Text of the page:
Opioid Growth Factor
Opioid growth factor is a substance naturally secreted by the human body that is known to suppress pain in the nervous system; it also controls production of certain cells in the body.
Currently, it is being used to slow down the proliferation of certain types of cancer cells, particularly those that start out as the particularly deadly cancer of the pancreas. Opioid growth factor can attach to the OGF receptors on pancreatic cells, including pancreatic cancer cells; once so bound, the cancer cell does not grow.
The human body does not produce enough opioid growth factor to impede all cancer cells in a developed case of pancreatic cancer. Researchers are studying ways to create synthetic opioid growth factor to inject in cancer sufferers to supplement the natural supply. Preliminary studies indicate that supplementing with natural opioid growth factor has no serious side effects normally expected with chemotherapy, and the patients receiving these supplements show overall improved quality of life, decreased pain, and significant improvement in survival.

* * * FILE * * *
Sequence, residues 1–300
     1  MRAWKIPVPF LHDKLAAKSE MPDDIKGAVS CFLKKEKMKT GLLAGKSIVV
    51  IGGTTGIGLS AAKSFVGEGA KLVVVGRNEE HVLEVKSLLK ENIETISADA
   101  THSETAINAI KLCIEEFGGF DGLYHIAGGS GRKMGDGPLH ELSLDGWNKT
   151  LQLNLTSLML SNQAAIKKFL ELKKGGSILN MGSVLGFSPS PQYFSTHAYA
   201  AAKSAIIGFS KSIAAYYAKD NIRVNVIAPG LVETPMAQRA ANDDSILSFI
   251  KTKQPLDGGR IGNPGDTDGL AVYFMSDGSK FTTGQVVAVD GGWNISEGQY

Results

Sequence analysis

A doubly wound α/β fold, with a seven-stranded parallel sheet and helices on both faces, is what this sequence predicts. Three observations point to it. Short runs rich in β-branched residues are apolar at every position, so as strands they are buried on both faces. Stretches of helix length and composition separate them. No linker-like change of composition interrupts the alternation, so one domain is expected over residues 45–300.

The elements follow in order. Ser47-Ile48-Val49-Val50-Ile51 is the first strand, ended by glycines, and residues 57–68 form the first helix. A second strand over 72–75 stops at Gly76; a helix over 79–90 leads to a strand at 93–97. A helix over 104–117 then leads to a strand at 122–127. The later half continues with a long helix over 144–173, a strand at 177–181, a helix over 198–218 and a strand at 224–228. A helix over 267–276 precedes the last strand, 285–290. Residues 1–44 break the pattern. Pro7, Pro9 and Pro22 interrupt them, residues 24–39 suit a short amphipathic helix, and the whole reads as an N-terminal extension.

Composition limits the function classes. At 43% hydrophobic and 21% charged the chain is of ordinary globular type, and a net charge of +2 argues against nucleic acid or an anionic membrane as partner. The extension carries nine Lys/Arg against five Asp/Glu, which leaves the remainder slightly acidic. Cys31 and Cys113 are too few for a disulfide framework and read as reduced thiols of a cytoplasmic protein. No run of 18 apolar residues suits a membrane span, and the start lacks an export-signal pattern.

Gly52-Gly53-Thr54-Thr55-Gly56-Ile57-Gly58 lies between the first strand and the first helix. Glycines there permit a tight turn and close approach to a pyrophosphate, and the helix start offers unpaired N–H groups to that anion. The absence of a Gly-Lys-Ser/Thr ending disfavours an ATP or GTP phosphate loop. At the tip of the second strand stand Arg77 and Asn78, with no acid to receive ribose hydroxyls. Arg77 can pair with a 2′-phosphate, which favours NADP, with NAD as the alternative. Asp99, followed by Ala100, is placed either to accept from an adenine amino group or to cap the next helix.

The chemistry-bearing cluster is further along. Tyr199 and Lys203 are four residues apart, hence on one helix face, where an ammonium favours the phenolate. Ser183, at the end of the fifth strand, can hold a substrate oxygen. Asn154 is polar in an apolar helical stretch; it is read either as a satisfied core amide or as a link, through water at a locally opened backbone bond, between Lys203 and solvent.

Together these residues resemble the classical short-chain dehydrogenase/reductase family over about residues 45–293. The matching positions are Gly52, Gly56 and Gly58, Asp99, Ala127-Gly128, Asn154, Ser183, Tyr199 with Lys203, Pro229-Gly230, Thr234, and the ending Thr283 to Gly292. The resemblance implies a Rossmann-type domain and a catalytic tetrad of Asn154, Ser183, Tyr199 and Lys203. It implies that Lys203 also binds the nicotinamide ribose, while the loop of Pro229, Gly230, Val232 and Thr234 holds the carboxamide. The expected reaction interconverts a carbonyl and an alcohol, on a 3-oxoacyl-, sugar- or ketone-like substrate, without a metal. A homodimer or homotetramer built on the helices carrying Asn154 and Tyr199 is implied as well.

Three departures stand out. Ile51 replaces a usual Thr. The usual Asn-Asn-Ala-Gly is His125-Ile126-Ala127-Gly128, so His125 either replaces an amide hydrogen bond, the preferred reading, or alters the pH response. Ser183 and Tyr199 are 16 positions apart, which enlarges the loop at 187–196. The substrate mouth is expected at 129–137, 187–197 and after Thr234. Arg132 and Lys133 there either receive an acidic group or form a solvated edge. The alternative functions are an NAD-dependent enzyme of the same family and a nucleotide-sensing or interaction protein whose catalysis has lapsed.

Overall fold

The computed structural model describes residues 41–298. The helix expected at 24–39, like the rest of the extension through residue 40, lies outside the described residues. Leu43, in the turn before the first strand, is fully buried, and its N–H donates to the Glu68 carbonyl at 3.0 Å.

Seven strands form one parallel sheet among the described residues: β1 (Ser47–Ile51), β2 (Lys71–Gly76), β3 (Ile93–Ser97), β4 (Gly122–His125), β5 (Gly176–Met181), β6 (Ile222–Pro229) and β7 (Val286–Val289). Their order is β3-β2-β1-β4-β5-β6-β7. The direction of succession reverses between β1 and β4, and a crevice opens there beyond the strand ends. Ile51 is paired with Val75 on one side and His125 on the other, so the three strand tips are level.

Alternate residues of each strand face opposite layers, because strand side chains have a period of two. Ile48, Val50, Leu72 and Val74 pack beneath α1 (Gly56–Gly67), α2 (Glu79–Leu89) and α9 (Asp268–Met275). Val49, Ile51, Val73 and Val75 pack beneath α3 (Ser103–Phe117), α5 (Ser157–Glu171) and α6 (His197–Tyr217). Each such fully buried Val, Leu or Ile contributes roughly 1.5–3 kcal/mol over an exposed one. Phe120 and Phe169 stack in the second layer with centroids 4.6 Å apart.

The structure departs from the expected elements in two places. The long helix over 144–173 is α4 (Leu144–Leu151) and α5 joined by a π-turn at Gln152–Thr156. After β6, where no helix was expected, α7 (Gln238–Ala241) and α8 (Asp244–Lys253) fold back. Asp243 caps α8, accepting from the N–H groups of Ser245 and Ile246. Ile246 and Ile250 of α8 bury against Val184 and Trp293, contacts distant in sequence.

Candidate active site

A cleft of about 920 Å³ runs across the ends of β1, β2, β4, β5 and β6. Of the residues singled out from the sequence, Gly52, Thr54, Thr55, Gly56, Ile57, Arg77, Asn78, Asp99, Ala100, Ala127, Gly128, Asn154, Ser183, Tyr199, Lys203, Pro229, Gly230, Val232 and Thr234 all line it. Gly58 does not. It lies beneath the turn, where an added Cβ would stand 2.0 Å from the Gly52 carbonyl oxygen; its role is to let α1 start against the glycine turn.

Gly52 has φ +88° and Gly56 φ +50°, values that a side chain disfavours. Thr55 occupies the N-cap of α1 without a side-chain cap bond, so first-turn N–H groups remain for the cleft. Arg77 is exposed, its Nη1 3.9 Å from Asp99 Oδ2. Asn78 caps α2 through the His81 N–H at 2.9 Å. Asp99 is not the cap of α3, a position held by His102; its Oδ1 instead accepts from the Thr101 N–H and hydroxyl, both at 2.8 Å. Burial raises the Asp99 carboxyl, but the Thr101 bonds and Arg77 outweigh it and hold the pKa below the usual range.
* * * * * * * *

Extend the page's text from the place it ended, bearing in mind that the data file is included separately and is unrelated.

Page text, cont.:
Besides pancreatic cancers, opioid growth factor may be useful in treating several other cancers that have the OGF receptors, such as colon cancers, kidney cancer, and head and neck cancers.
Web Resources On Opioid Growth Factor
Opioid growth factor safe for treatment of pancreatic cancer
Opioid Growth Factor in Treating Patients With Advanced Pancreatic Cancer That Cannot Be Removed By Surgery
Book Resources On Opioid Growth Factor
Hematopoietic Growth Factors in Oncology by George Morstyn et al.
Neurotrophic Factors by Sandra E. Loughlin et al.